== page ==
Trial in Fatal Boat Crash Begins

Concord — March 9, 2010 — When Erica Blizzard crashed into Diamond Island on Lake Winnipesaukee in the early morning hours of June 15, 2008, killing her close friend, she was legally drunk and traveling at an “unreasonable speed,” prosecutors said yesterday.

Belknap County Attorney James Carroll said yesterday that toxicology results show Blizzard’s blood-alcohol level was 1.5 times the legal limit when she ran her 37-foot powerboat into the island, killing 34-year-old Stephanie Beaudoin of Meredith and seriously injuring herself and another friend, Nicole Shinopulos of Burlington, Mass.

Blizzard, 36, of Laconia, has been charged with two counts of negligent homicide; one of driving while intoxicated when she hit the island about 2:20 a.m., and the other of failing to keep a proper lookout. The former charge carries a sentence of 7½ to 15 years, and the latter carries 3½ to seven years.

Blizzard also faces an aggravated driving while intoxicated charge for the injuries suffered by Shinopulos. It carries a sentence of 3½ to seven years.

Before opening statements yesterday, the jurors climbed into a yellow school bus and were driven to a state Marine Patrol storage building six miles away. The judge, news media, prosecution and Blizzard’s attorney joined them, while Blizzard opted not to attend.

There, jurors inspected the damage to the 17,000-pound boat, with a chunk of the front hull broken off and the underbelly a mess of shredded fiberglass. Carroll jumped into the engine bay to show jurors where the mounts for the twin 425-horsepower engines had snapped from the impact.

Back at the courthouse, James Moir, Blizzard’s defense attorney, opened by describing for jurors the scene at Lakes Region General Hospital after the crash. Blizzard’s face had been crushed in the wreck and was “floating, basically detached from her skull” as doctors hovered around her while she fought for her life, Moir said.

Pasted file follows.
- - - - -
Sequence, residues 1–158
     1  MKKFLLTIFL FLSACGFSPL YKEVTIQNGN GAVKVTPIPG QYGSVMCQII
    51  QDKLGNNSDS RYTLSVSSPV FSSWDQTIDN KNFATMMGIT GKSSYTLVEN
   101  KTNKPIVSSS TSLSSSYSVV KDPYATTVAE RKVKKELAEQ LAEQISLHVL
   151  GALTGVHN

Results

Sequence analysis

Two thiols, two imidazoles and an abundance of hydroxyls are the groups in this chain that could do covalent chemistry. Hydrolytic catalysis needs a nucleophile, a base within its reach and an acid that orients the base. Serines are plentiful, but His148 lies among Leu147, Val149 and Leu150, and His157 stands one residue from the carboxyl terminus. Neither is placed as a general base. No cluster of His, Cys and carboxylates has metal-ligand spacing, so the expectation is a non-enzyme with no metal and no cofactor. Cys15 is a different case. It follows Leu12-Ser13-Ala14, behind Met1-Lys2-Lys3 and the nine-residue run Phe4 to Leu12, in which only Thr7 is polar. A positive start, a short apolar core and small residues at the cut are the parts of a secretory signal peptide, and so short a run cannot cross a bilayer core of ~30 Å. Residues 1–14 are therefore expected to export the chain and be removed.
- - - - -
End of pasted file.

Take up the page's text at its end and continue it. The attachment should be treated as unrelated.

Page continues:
“They’re saying: ‘Erica, stay with us, stay with us,’ ” Moir said.

Meanwhile, Shinopulos, who suffered a broken jaw but was “clearly going to live,” was approached by a Marine Patrol investigator and asked what had happened, Moir said.

Shinopulos described the course of the evening and admitted to drinking in a Wolfeboro restaurant, but she told the officer “in no uncertain terms, that Erica was not impaired in the least,” he said.

“In order to find Erica guilty, you’re going to have to find that Nicole lied to the investigators,” Moir said.

Moir said he anticipates that Blizzard will testify in her own defense.

“There isn’t a crime here,” he said. “This was an accident.”

Testimony
Later in the afternoon, the prosecution called its first four witnesses – Carroll has listed 30 – to flesh out the events before the crash. First on the stand was Jennifer Ivester, a waitress of 13 years at the Wolfetrap Grill and Rawbar in Wolfeboro who served the window table occupied by Blizzard, Beaudoin and Shinopulos the night of Saturday, June 14, 2008.

Ivester, whose memory was jogged by a statement authorities had asked her to prepare the day after the accident, said the three women sat down about 8:30 p.m. and ordered a round of mixed drinks: a vodka-cranberry drink for Blizzard and Beaudoin and a rum and Coke for Shinopulos. The women then began to flip through photos of a trip they had taken that winter.